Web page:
In an embodiment, the bellows 210, or at least a distal portion thereof, may be elastically-deformable. In particular, the bellows 210 may be operable to stretch or elastically expand beyond a neutral state (e.g., a state where there is no pressure differential between the inside of the bellows 210 and the outside of the bellows 210) in reaction to a pressure differential between the enclosed volume 204 and the proximal chamber 205 where the pressure within the proximal chamber 205 is greater than the pressure within the enclosed volume 204. Such stretching or elastic expansion may accommodate greater pressure differentials than would be attainable with a similarly sized bellows 210 that was substantially incapable of stretching or elastically expanding. Furthermore, such a stretchable or elastically expandable bellows 210 may result in a probe assembly 100 that is capable of withstanding a greater range of fluid volumes (e.g., the probe assembly 100 with a stretchable or elastically expandable bellows 210 may be more tolerant of a wider range of ambient temperatures, extending particularly the low temperature range where the fluid typically contracts more than the case 101). Such a stretchable or elastically expandable bellows 210 may be silicone based and may be produced using, for example, a liquid transfer molding process.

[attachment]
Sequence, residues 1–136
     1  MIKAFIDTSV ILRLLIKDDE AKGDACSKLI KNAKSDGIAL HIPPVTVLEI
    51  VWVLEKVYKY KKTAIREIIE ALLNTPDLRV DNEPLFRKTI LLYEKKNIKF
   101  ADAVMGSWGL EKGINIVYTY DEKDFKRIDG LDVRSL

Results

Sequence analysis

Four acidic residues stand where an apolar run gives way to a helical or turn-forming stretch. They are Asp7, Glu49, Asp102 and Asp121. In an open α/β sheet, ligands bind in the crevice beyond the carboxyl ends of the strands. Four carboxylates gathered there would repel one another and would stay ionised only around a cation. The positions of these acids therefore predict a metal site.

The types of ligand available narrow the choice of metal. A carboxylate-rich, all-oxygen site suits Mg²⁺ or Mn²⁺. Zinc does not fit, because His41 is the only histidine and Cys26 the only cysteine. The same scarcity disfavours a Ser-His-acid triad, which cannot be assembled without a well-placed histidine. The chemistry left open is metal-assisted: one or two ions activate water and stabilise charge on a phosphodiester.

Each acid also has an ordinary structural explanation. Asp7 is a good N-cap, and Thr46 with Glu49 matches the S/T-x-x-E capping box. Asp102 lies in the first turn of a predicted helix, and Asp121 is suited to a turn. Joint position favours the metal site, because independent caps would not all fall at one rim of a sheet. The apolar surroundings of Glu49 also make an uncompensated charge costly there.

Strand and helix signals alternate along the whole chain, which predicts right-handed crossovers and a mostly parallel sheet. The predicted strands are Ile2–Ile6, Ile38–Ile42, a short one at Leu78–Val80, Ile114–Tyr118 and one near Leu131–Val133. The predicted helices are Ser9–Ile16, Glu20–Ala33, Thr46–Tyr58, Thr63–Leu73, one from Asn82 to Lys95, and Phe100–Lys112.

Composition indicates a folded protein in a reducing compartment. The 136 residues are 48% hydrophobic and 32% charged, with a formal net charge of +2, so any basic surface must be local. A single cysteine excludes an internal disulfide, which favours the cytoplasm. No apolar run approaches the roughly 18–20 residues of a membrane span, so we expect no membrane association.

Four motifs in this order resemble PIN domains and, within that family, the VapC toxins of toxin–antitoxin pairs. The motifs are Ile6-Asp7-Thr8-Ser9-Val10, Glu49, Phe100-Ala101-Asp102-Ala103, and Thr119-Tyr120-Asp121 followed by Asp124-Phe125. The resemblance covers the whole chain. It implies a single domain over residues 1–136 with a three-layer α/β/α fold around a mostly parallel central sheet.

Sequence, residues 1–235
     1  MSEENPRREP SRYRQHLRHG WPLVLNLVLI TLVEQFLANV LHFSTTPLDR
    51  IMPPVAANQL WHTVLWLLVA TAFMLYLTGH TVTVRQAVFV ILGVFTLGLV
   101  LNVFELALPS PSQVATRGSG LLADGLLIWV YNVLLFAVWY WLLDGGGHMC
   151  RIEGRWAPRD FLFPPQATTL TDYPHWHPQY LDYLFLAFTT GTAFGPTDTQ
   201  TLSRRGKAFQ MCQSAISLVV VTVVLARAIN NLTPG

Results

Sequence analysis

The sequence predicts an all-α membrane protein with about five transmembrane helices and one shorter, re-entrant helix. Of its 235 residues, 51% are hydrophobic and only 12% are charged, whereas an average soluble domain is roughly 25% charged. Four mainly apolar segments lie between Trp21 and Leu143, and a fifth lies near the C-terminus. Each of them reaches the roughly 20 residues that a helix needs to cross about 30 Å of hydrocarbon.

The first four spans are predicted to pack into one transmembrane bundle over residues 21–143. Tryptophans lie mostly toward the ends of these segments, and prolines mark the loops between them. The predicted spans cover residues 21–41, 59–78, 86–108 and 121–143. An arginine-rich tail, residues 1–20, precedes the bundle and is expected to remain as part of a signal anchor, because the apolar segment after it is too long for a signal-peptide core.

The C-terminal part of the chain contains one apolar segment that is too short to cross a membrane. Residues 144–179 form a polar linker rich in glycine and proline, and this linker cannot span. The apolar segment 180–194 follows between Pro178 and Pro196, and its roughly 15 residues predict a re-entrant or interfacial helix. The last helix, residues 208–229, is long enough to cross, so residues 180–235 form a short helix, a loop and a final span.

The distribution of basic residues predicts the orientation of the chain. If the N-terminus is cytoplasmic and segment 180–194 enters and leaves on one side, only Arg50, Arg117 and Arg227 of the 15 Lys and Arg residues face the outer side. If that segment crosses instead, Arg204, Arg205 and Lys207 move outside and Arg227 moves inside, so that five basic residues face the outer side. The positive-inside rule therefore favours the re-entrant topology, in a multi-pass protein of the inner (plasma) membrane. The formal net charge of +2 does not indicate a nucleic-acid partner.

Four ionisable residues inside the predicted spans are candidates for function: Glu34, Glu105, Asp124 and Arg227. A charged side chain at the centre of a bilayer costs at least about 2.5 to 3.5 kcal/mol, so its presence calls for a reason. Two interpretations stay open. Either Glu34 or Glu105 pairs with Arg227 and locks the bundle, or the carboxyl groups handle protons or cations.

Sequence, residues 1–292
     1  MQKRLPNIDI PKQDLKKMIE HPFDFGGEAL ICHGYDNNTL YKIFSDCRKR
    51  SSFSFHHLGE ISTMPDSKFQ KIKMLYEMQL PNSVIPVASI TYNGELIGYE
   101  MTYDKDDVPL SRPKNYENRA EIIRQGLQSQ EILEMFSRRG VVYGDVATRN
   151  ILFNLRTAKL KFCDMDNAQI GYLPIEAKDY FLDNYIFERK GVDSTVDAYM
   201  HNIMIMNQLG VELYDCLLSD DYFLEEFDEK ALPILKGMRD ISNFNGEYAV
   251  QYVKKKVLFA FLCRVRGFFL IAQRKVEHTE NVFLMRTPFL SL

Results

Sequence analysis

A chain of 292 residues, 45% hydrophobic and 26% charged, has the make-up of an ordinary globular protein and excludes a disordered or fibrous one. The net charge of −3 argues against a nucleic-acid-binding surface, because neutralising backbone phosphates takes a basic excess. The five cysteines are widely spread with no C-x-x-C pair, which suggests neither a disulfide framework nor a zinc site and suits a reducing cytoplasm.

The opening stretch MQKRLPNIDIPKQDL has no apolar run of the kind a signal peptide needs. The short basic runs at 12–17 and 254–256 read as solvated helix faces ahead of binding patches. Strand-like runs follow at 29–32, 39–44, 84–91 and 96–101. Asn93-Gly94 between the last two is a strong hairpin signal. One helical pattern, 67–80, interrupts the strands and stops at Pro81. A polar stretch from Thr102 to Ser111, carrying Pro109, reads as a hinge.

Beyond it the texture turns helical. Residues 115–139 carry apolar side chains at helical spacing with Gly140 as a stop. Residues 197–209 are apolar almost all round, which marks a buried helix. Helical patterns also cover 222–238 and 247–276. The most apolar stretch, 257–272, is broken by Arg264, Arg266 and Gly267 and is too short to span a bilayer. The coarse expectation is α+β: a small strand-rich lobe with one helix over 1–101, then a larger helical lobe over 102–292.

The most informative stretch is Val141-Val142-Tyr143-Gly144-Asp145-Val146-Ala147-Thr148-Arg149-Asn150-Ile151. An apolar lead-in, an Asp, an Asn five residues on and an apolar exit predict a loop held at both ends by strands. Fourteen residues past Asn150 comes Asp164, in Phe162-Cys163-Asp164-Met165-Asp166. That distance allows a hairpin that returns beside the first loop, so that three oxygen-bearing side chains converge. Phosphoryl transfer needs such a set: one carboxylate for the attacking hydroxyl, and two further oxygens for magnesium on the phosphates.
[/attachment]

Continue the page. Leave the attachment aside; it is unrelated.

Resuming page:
In one embodiment, a resilient, elastically-deformable bellows 210 may be provided so that in a neutral state the bellows 210 automatically assumes an initial configuration. Such initial configuration may correspond with a preformed configuration (e.g. a bulbous, dropper-shaped configuration), except as spatially restricted by other rigid componentry (e.g., bubble trap 301, main portion 201, and/or base member 203). In turn, the bellows 210 may collapse when the fluid expands at high temperature and automatically expand and stretch relative to such initial configuration in response to low temperatures.

FIG. 3 is a partial cross-sectional view of the case 101 and a bubble-trap 301. Additional internal components of the probe assembly 100 are also illustrated in FIG. 3. The bubble-trap 301 may be interconnected to the main portion 201 of the case 101 along the base member 203. In this regard, the attachment of the bubble-trap 301 at the base member 203 may be the only portion of the bubble-trap 301 that is mechanically connected to the case 101. Thus, the bubble-trap 301 may be considered to be cantilevered from the base member 203. The bubble-trap 301 may be interconnected to the base member 203 through at least one cantilevered support 302.